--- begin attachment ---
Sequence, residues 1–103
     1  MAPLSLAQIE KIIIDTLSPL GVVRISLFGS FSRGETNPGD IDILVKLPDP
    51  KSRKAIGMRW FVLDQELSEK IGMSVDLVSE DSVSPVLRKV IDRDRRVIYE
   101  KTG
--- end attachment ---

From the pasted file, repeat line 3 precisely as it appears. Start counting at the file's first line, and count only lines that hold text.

    51  KSRKAIGMRW FVLDQELSEK IGMSVDLVSE DSVSPVLRKV IDRDRRVIYE